Selecciona Edición
Conéctate
Selecciona Edición
Tamaño letra

Cable sobre el interés de los blogueros egipcios en los disturbios en Irán

ID: 213974
Date: 2009-06-25 15:10:00
Origin: 09CAIRO1196
Source: Embassy Cairo
Classification: CONFIDENTIAL
Dunno: 09CAIRO544
Destination: VZCZCXRO8959
RR RUEHBC RUEHDE RUEHDIR RUEHKUK RUEHROV RUEHTRO
DE RUEHEG #1196/01 1761510
ZNY CCCCC ZZH
R 251510Z JUN 09
FM AMEMBASSY CAIRO
TO RUEHC/SECSTATE WASHDC 2978
INFO RUEHXK/ARAB ISRAELI COLLECTIVE
RUCNIRA/IRAN COLLECTIVE
RHEHNSC/NSC WASHDC

C O N F I D E N T I A L SECTION 01 OF 02 CAIRO 001196

SIPDIS

FOR NEA/ELA AND DRL/NESCA

E.O. 12958: DECL: 06/25/2029
TAGS: PREL, PGOV, PHUM, KDEM, IR, EG
SUBJECT: EGYPTIAN BLOGGERS FIXATED ON IRANIAN UNREST

REF: CAIRO 544

Classified By: Economic-Political Minister-Counselor
William R. Stewart for reason 1.4 (d).

1. KEY POINTS

-- (U) Egyptian bloggers remain fixated on the unrest in
Iran, even as the story drops from the front pages of local
newspapers.

-- (U) Bloggers have reported on developments, using
traditional and "new" media sources, and posting photos and
videos of the protests and killings. They are particularly
interested in Hizballah's reported role in the crackdown.

-- (U) Most bloggers have expressed support for the Iranian
opposition, and many have backed President Obama's public
comments. Others have accused the U.S. of hypocrisy for
condemning violence in Iran while waging war in Afghanistan.

-- (C) There is a conspicuous lack of blogger commentary on
the possible implications for Egypt. One blogger told us
privately that the unrest "means nothing for Egypt."

---------------------
Bloggers Reporting...
---------------------

2. (U) Bloggers have been reporting developments on the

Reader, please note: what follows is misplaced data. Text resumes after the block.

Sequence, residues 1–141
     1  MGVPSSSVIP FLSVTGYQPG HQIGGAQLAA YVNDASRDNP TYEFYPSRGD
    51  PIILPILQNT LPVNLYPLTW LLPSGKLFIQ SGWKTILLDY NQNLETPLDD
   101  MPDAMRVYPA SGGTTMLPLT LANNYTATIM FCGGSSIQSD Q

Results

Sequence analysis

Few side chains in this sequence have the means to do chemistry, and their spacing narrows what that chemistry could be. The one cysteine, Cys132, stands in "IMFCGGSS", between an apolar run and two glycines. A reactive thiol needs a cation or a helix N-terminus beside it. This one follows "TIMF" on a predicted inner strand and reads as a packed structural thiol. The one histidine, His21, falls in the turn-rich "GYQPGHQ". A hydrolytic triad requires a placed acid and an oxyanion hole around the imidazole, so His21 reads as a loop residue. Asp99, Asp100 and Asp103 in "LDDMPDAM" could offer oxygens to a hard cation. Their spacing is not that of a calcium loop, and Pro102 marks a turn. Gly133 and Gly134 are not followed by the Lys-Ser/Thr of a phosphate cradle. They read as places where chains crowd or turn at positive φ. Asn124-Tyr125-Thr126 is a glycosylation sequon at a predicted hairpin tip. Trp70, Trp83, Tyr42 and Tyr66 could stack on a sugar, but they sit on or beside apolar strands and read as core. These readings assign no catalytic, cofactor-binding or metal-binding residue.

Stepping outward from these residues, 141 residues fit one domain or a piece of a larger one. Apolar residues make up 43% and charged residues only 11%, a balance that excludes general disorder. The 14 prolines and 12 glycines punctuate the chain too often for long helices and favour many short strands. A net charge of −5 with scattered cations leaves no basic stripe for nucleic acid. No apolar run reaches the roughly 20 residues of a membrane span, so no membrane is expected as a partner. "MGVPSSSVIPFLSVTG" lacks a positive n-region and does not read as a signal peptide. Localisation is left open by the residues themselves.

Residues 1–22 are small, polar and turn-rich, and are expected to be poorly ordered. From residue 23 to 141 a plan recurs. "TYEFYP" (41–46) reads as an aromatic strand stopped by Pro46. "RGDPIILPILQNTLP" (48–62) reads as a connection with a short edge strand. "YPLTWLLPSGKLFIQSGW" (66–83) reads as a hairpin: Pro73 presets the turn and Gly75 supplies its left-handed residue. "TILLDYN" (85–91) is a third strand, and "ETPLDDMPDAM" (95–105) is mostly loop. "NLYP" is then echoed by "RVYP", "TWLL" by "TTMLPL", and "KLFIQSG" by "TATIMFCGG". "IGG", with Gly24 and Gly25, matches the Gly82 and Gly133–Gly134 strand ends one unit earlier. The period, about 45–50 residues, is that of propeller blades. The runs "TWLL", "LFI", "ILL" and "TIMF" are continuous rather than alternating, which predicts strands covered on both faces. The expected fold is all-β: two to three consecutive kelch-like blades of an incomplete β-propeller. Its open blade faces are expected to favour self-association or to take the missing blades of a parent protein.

ground, sourced from major news organizations, Twitter,
Facebook, video and e-mails from anonymous friends in Iran.
They have also provided analysis on issues such as the U.S.
and Israeli stances on the issue, the role of Hizballah, and
the merits of opposition candidate Moussavi versus Iranian
President Ahmadi-Nejad. We have seen only one blogger
calling for action -- Dalia Ziada of the American-Islamic
Conference who requested her readers sign a petition calling
on their governments to condemn and shun the Iranian
government until Iranians are allowed "to peacefully address
their election concerns."

3. (U) As the Iranian protests began, bloggers reported on
the government's steps to silence the foreign media, and on
the size of opposition rallies. As events became violent,
bloggers reported the numbers of victims and posted graphic
videos and photos of the killings. They also posted photos
of opposition rallies and oppositionists attacking government
backed militias. Bloggers have also focused on the death of
the teenage girl Neda Sultan, posting the YouTube video of
her killing, and criticizing the Iranian government for not
permitting a "proper funeral." One blogger compared Sultan
to victims of police brutality in Egypt.

4. (U) Bloggers have been interested in possible Hizballah
involvement in the unrest, with Wael Abbas reporting that a
Hizballah-backed militia attacked a student dormitory in